Don’t forget Spanish bubbles. I tasted a bunch of Cavas, and none of them were mediocre. Fresh, clean, approachable, and reasonably priced – great QPR wines for every day.

Now, here are the wines I tasted during the event (with the exception of the seminar wines). Everything which is mentioned below was well drinkable, and the specific favorites are marked (bold) as such.

2020 Santiago Ruiz Santiago Ruiz D.O. Rias Baixas ($25)
2017 Bodegas LAN Rioja Crianza D.O.Ca. Rioja ($18) – probably my favorite from the Bodegas LAN selection. The most approachable and balanced from this group.
2015 Bodegas LAN Rioja Reserva D.O.Ca. Rioja ($24)
2017 Bodegas LAN D-12 D.O.Ca. Rioja ($25) – single vineyard
2017 Bodegas LAN Xtreme 2017 D.O.Ca. Rioja ($25)
2015 Bodegas LAN Viña Lanaciano D.O.Ca. Rioja ($30)
2018 Bodegas LAN Edicion Limitada D.O.Ca. Rioja ($55)
2015 Bodegas LAN Culmen D.O.Ca. Rioja ($70)

2016 Vins el Cep Gelida Brut Gran Reserva D.O. Cava ($20)
NV Bodegas Llopart Brut Reserva Rosé Corpinnat ($28)
2020 Bodegas Vatán Nisia Las Suertes D.O. Rueda ($32)
2018 Bodegas La Caña Navia D.O. Rias Baixas ($32)
2019 Bodegas Avancia Mencía Old Vines D.O. Valdeorras ($35)
2018 Bodegas Breca Garnacha D.O. Calatayud ($16) – clean, simple
2018 Bodegas Vatán Tritón Tinta de Toro D.O. Toro ($20)
2018 Bodegas Vatán Tinta de Toro D.O. Toro ($45)

2018 Bodegas Muga Flor de Muga Blanco D.O.Ca. Rioja ($50) – my favorite wine white of the event – clean, round, fresh, elegant
2014 Bodegas Muga Prado Enea Gran Reserva D.O.Ca. Rioja ($100) – surprisingly ready to drink
2011 Bodegas Sierra Cantabria Gran Reserva D.O.Ca. Rioja ($40)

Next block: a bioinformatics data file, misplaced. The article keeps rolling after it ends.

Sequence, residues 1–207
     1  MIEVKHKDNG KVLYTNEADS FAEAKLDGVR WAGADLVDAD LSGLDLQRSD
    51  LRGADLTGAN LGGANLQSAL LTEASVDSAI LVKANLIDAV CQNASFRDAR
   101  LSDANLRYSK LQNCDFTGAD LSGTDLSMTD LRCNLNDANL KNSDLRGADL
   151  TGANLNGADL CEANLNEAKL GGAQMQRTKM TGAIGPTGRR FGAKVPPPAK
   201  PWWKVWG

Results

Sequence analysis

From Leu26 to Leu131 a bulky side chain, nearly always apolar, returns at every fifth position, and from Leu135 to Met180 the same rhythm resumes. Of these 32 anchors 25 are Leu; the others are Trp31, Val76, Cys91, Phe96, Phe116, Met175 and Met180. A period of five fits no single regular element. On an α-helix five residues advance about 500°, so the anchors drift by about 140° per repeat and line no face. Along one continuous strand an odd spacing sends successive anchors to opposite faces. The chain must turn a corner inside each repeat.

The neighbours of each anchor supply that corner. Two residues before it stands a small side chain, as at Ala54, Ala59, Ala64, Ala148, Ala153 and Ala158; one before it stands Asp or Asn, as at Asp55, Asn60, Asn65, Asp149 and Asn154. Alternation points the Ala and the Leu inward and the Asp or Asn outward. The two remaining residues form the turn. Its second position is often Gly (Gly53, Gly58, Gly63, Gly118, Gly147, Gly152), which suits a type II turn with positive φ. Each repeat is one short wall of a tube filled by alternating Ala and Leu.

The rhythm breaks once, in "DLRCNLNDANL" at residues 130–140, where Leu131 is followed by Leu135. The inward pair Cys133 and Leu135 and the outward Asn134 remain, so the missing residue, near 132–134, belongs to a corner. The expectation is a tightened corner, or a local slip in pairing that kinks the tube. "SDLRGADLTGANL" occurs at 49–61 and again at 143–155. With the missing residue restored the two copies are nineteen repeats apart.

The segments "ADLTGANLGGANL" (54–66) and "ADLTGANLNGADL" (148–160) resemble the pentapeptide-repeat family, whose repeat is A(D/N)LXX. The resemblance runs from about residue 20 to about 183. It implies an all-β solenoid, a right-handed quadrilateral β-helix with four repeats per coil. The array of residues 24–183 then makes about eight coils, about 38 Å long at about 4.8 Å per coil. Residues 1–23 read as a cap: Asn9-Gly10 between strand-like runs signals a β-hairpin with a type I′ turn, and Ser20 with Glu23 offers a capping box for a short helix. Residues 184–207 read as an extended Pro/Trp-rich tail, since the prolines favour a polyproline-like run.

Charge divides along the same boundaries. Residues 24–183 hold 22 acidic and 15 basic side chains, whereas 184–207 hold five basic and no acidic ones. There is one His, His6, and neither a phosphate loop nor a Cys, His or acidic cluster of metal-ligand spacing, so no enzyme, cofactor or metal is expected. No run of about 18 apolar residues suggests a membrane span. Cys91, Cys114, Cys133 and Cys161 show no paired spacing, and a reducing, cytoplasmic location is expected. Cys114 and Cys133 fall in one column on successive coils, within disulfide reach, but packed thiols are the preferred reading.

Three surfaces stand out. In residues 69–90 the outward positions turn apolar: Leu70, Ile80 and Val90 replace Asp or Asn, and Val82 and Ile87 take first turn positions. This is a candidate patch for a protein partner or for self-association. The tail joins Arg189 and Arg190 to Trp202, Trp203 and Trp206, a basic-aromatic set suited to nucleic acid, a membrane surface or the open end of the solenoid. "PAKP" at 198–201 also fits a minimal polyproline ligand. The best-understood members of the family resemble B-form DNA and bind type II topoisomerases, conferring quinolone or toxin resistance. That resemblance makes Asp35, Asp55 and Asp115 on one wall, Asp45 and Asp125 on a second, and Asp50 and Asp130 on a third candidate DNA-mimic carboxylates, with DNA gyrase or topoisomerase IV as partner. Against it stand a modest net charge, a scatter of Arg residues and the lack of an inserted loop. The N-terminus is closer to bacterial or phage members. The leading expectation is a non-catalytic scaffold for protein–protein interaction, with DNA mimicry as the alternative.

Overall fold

2014 Bodegas Alvear Alvear Fino en Rama D.O. Montilla Moriles ($22) – outstanding. It is very rare to find dry sherry made from 100% Pedro Ximenes grapes.
2016 Sierra Salinas Mira Salinas D.O. Alicante ($18, Monastrell) – Elegant, fresh, perfect acidity
2016 Ramirez de la Piscina Ramirez de la Piscina Reserva D.O.Ca. Rioja ($22)

2018 Rafael Cañizares Bodegas Volver Tempranillo Single Vineyards D.O. La Mancha ($20)
2020 Rafael Cañizares Bodegas Volver Paso A Paso Tempranillo Tierra De Castilla ($35) – excellent, elegant, open

All three were excellent:
2013 Agustí Torelló Mata Cava Agustí Torelló Mata Brut Nature Gran Reserva D.O. Cava ($26)
2017 Agustí Torelló Mata Cava Agustí Torelló Mata Brut Reserva D.O. Cava ($21)
2011 Agustí Torelló Mata | Cava Kripta Brut Nature Gran Reserva D.O. Cava ($85) – unique and different, would make a perfect geeky present

2019 Bodegas San Valero S.Coop Cabeza Casa D.O. Cariñena ($11, Garnacha) – elegant, round, excellent QPR
2018 Bodegas San Valero Celebrities Syrah D.O. Cariñena ($11)
MV Bodegas San Valero 801 D.O. Cariñena ($20, blend of 2014 Cabernety Sauvignon, 2015 Merlot, 2016 Syrah) – very good, unusual, multi-vintage
2019 Bodegas San Valero Particular Garnacha D.O. Cariñena ($12)

Now, the seminars. The Jerez seminar was superb, offering lots and lots of knowledge about the fascinating world of sherries. Three white grapes – Palomino Fino, Pedro Ximenez, and Moscatel – are behind the tremendous range of wines, all with unique characters and tastes ranging from absolutely bone dry (sugar content less than 5 g/l) to the syrup level with more than 300 grams of sugar per liter. Another fascinating element of Sherry is the Solera production method, where the resulting wine might technically have trace amounts of 200+ years old wines. Lots and lots of care and attention go into the Sherry production. During the “Spotlight on Sherry” seminar, led by incomparable César Saldaña, General Director of the Jerez Control Board, we learned a lot about sherries and tasted through the outstanding flight of 8 wines (with the exception of the last 2 which I didn’t enjoy that much).